What is an Abdominal Aortic Aneurysm (or AAA)?

Abdominal aortic aneurysms (AAAs) are bulges in the main vessel carrying blood from the heart to the lower body. They occur predominantly in older people, more frequently in men than in women and in those who have ever smoked than never-smokers. AAAs increase in size over time, and can eventually rupture resulting in dangerous internal bleeding. Unfortunately around 4 out of 5 people who rupture their AAA do not survive. Furthermore, most AAAs do not cause any symptoms before they rupture.


What can be done to prevent this from happening?

An AAA is easy to detect by a simple ultrasound scan, taking less than 5 minutes to perform. If an AAA is detected, its size can be monitored over time by repeat scans. If it has grown to a large size (5.5 cm in diameter or more), surgery is usually recommended to prevent the AAA rupturing. Either open surgery or a key-hole technique (endovascular surgery) can be used to repair the aneurysm.


What about screening for AAA?

Because AAAs can be easily and reliably detected by ultrasound scanning which is quite cheap and very safe, research studies have been performed to find out if scanning large groups of people (screening) can prevent people dying from AAAs. Such ultrasound screening of men at age 65 for AAA has been shown to reduce deaths from AAA and to be cost-effective for the NHS.


What is this research project about?

It has previously been thought that because AAAs are much less common in women, it would not be worth the expense to the NHS of screening them for AAA. At present the national AAA screening programmes in the UK are restricted to men. In this project, we will work out whether screening women for AAA could save lives at a reasonable value for money to the NHS.


How will we work out if it is worthwhile to screen women for AAA?

The research team includes specialists in vascular surgery, AAA epidemiology, medical statistics and health economics, from the Universities of Cambridge, Leicester, Brunel and Imperial College. The team will identify published research studies and unpublished data that provide information about AAAs in women. Using a computer programme we will bring all of this information together and evaluate AAA screening in women. One main challenge will be to identify relevant and reliable information that applies to women alone. Another will be to investigate what possible changes there should be to the way AAA screening, surveillance and intervention are undertaken for women, as compared to the existing national screening programme in men – for example in terms of the age at screening and the AAA diameter threshold for consideration of surgery.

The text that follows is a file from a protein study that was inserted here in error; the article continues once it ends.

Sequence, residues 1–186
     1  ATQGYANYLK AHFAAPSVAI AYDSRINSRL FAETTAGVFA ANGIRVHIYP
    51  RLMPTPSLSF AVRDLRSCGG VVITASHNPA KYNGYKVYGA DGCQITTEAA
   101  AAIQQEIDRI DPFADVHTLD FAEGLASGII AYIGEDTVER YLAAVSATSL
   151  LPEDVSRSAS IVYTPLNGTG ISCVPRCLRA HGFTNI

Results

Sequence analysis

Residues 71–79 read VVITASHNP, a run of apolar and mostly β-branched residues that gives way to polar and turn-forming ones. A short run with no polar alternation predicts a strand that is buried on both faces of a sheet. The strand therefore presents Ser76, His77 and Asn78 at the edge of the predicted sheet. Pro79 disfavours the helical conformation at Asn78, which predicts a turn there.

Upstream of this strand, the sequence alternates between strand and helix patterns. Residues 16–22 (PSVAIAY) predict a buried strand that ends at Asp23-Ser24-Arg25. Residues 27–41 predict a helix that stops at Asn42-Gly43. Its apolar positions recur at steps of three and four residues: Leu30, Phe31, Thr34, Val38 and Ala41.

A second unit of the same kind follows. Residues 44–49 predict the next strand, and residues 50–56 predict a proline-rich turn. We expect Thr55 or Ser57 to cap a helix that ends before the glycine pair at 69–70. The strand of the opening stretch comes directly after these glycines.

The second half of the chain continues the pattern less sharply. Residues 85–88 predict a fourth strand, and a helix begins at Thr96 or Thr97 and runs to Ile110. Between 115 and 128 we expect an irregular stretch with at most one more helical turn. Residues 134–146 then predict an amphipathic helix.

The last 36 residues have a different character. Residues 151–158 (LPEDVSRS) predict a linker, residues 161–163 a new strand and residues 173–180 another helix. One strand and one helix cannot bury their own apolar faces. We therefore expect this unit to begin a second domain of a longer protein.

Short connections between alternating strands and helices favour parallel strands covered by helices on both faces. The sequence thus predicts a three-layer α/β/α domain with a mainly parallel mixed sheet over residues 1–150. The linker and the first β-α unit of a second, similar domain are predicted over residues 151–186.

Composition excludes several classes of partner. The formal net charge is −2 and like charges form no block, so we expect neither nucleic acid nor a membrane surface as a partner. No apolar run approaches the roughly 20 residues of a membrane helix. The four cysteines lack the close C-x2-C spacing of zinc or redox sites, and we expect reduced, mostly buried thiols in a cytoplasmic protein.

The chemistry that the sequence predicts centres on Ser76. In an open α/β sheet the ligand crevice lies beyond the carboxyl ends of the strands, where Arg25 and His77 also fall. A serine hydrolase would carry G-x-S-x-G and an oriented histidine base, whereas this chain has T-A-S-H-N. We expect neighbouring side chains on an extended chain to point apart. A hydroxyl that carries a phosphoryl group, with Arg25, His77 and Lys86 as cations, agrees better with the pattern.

What will this project achieve?

The outputs from this research will have an immediate impact, either on national policy or on what additional studies are required. If it is clear that AAA screening in women is likely to both effective and cost-effective, this will be a major impetus to launch a national screening programme for women. The research will also provide information on how such a screening programme should be designed. If the conclusion about AAA screening in women is unclear, because some of the necessary information in women is either lacking or very uncertain, this research will point to what future studies are required in order to provide a more definitive answer.


When will we know the answer?

The project started in Spring 2015. Work will be completed by the end of 2016 and the official reports will be publicly available in 2017.


Who is paying for this?

This work is funded by the National Institute for Health Research (NIHR) Health Technology Assessment (HTA) Programme, project number 14/179/01. More details of the project and the overall NIHR HTA Programme can be found if you click here: http://www.nets.nihr.ac.uk/projects/hta/1417901